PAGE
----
Psychosocial and emotional support first occurs at Panzi Hospital, where the psychological unit works with women to assess emotional health before being cleared for surgery, which requires immense emotional resilience. After surgery, the women utilize Panzi’s aftercare center, Maison Dorcas. With individual therapy, often involving treatment for Post-Traumatic Stress Disorder, group therapy, and music therapy, the women are able to gather in community and build support networks.
Panzi Hospital has 370 doctors, nurses, and support staff dedicated to women’s physical healing, with departments for General Internal Medicine, Surgery, Gynecology and Obstetrics and Pediatrics. In terms of outpatient services, the hospital provides family medicine clinics, a dental clinic, an optometrist, a radiologist unit and a cervical cancer screening program.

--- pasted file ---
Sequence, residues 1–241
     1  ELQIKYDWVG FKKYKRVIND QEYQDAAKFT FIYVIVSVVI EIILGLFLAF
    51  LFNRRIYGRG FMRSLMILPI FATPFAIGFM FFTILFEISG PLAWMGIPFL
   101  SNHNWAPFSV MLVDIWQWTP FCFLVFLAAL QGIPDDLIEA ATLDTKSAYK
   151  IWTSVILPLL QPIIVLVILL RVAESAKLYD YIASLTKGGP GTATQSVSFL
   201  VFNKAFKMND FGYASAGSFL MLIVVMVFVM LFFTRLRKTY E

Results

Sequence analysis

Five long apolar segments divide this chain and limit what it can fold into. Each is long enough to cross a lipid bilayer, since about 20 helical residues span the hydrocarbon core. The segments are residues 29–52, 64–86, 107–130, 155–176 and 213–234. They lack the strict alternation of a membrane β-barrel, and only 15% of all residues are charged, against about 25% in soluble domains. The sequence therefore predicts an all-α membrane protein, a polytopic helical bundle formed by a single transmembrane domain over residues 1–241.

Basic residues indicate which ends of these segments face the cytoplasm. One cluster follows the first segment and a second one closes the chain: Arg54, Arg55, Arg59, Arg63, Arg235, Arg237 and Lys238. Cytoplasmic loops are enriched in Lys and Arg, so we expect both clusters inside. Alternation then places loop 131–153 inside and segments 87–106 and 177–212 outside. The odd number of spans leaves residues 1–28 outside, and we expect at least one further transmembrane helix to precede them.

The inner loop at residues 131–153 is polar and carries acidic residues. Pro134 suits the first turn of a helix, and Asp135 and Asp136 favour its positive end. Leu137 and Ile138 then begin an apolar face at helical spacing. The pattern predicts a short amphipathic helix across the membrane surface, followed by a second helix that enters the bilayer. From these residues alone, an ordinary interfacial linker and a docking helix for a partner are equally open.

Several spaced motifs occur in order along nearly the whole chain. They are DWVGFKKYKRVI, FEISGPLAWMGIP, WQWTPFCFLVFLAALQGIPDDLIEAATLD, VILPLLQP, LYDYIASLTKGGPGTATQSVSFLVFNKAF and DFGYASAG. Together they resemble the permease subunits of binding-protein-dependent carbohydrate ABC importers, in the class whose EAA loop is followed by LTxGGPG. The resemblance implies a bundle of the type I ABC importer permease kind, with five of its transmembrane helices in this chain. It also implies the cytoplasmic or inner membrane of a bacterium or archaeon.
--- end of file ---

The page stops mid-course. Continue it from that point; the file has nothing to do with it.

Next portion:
Unfortunately, 40-60 percent of the women treated cannot return to their home communities due to their injuries, continued violence and the stigma surrounding sexual violence. The Maison Dorcas aftercare center then becomes their refuge, providing housing, meals and therapeutic care. Through community reintegration programs, Panzi Foundation supports women with 12-month training programs that involve literacy and math classes, job skills training and microcredit.
Under the Panzi Foundation DRC umbrella, the Panzi Legal Clinic helps women prosecute and seek reparations from their abusers. The clinic raises awareness within the community about legal rights and has successfully cut the processing time in sexual violence cases in half through its women’s rights advocacy.
While there are no accurate numbers for the total number of women who have been raped or have faced gender-based violence in the DRC, here are the numbers from the Panzi Foundation’s work:
- From 1999-2015, Panzi Hospital and Foundations have treated 85,864 women and girls for sexual violence and gynecological injuries.
- Panzi Hospital is currently serving the 400,000 people who live in the Ibanda Health Zone in Bukavu, South Kivu.